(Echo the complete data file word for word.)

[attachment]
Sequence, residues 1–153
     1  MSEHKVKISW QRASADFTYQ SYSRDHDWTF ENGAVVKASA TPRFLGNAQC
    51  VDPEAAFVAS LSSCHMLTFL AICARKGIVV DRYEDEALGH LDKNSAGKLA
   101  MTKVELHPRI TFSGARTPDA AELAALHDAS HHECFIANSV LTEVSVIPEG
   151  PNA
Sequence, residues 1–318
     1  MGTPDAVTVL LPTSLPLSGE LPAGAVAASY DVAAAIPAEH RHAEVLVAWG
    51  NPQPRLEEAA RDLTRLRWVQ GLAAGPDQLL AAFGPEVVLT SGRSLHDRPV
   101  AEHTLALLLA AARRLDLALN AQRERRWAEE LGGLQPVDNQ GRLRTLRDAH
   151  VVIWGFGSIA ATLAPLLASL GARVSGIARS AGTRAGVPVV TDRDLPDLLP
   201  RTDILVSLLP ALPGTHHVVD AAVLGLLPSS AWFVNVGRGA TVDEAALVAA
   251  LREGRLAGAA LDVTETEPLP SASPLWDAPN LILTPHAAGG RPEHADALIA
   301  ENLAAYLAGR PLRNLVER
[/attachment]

Sequence, residues 1–153
     1  MSEHKVKISW QRASADFTYQ SYSRDHDWTF ENGAVVKASA TPRFLGNAQC
    51  VDPEAAFVAS LSSCHMLTFL AICARKGIVV DRYEDEALGH LDKNSAGKLA
   101  MTKVELHPRI TFSGARTPDA AELAALHDAS HHECFIANSV LTEVSVIPEG
   151  PNA
Sequence, residues 1–318
     1  MGTPDAVTVL LPTSLPLSGE LPAGAVAASY DVAAAIPAEH RHAEVLVAWG
    51  NPQPRLEEAA RDLTRLRWVQ GLAAGPDQLL AAFGPEVVLT SGRSLHDRPV
   101  AEHTLALLLA AARRLDLALN AQRERRWAEE LGGLQPVDNQ GRLRTLRDAH
   151  VVIWGFGSIA ATLAPLLASL GARVSGIARS AGTRAGVPVV TDRDLPDLLP
   201  RTDILVSLLP ALPGTHHVVD AAVLGLLPSS AWFVNVGRGA TVDEAALVAA
   251  LREGRLAGAA LDVTETEPLP SASPLWDAPN LILTPHAAGG RPEHADALIA
   301  ENLAAYLAGR PLRNLVER